Two organizations that favor federal intervention to ensure that NOAA’s catch share management system for the groundfishery — now in danger of collapse due to draconian catch limits — does not drive fishermen’s quota almost solely into the hands of large-scale boats and corporations is planning a series of workshops to examine how to keep fleet diversity and many of the smaller boats and businesses afloat.
The Northwest Atlantic Marine Alliance and the Penobscot East Resource Center are co-sponsoring the series, which includes one planned for Gloucester, at Maritime Gloucester, 23 Harbor Loop, from 4-7 p.m. this Friday.
The New England Fishery Management Council has voted to develop an amendment to the catch share system, which has been in place since 2010. NOAA’s own data has shown that Gloucester’s groundfishing fleet alone has fallen from roughly 96 boats to 71 over that time, while catch share systems elsewhere have also yielded consolidation of the industry, with many smaller, independent boats unable to effectively buy or lease quota gobbled up by larger businesses that accumulate more “catch shares.”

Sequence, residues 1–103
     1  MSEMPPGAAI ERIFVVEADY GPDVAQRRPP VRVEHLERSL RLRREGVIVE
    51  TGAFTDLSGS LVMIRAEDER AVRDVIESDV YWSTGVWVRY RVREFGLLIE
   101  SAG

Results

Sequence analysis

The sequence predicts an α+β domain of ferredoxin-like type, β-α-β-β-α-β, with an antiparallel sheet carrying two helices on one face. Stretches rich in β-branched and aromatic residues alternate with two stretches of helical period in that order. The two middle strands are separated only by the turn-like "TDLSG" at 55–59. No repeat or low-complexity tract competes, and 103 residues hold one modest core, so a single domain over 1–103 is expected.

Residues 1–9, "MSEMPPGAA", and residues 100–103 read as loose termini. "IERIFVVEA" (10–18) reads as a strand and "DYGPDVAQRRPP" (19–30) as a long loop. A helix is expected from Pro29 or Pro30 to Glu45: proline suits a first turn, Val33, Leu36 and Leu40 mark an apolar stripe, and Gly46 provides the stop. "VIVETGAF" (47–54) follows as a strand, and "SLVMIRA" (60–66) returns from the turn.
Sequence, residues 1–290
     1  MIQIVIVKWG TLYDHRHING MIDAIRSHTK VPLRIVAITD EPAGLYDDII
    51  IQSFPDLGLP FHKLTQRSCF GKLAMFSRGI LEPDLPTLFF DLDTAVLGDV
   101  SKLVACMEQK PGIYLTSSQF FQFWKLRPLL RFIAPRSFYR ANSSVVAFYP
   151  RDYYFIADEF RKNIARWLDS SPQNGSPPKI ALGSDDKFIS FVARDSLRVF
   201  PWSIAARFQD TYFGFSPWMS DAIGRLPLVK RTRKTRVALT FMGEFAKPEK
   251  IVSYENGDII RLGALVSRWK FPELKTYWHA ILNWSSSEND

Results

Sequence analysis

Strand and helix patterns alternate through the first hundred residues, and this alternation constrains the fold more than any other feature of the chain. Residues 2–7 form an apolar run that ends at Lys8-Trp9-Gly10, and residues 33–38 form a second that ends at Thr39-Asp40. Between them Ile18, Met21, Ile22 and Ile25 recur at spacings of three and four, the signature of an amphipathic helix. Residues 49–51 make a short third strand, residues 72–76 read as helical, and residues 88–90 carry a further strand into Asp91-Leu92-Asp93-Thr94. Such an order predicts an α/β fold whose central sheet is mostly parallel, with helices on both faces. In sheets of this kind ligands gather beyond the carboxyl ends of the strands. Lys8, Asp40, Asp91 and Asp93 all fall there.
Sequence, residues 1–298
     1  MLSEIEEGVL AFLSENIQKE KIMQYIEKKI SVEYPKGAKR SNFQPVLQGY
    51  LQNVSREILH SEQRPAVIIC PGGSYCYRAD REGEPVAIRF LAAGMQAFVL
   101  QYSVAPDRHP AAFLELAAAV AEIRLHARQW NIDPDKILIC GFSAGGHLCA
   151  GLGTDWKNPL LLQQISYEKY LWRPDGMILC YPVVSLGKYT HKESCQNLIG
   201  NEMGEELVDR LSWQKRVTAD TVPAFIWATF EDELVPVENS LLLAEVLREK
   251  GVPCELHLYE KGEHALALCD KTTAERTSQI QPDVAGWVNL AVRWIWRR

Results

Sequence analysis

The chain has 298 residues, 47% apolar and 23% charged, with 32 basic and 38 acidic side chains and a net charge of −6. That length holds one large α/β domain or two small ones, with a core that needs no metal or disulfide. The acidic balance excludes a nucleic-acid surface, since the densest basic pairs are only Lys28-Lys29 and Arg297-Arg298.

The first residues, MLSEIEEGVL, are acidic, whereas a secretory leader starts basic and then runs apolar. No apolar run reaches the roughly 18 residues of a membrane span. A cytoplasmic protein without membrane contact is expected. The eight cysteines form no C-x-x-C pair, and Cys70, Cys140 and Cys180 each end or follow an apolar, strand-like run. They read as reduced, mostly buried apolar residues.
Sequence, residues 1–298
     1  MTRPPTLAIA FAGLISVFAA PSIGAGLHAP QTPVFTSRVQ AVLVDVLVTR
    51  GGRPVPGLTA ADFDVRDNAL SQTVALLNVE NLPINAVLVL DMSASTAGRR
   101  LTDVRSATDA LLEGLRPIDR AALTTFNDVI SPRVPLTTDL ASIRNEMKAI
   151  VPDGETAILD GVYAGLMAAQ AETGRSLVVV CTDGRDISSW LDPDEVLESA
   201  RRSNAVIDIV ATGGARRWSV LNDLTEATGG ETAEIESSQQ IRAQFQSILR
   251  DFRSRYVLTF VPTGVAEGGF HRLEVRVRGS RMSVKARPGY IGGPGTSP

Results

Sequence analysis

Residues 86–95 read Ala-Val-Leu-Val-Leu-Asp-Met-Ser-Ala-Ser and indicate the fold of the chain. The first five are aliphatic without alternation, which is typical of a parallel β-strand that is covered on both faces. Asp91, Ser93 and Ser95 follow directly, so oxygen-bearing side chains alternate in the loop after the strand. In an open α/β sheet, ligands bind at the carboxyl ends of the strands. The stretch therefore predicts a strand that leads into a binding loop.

The Gloucester-based Northeast Seafood Coalition and the Gloucester Fishing Community Preservation Fund have questioned the wisdom of the government’s attempting to impose structure on the largely laissez-faire commodification system that is not legally a limited access permit program, or LAPP.
But NAMA and the Penobscot East Resource Center think differently — and have been behind the decision of the New England council to craft ways of ensuring that the diversity of the industry is maintained between large and smaller boats, and between various ports.
For the workshop series, a team of fisheries experts from British Columbia, Nova Scotia, and France will join the region’s fishermen and fishing communities to develop alternatives that will ensure a diverse fishing fleet and protect the fish and the fishermen, NAMA and the resource center said in a prepared statement. The groups have titled the workshops the “Who Fishes Matters Tour;” in addition to Gloucester, there will be workshops in Rockport, Maine, Portsmouth, N.H., on Cape Cod and at Point Judith, R.I.
”The tour will engage fishermen and community stakeholders to help avert the next fisheries disaster by shaping a policy known as the Fleet Diversity Amendment, also referred to as Amendment 18,” organizers said. “The Fish Locally Collaborative is launching the tour as part of a campaign called ‘Who Fishes Matters.’”
The workshops are free and open to the public, and fishing families are encouraged to attend, organizers said.
Richard Gaines can be reached at 978-283-7000, x3464, or at email@example.com.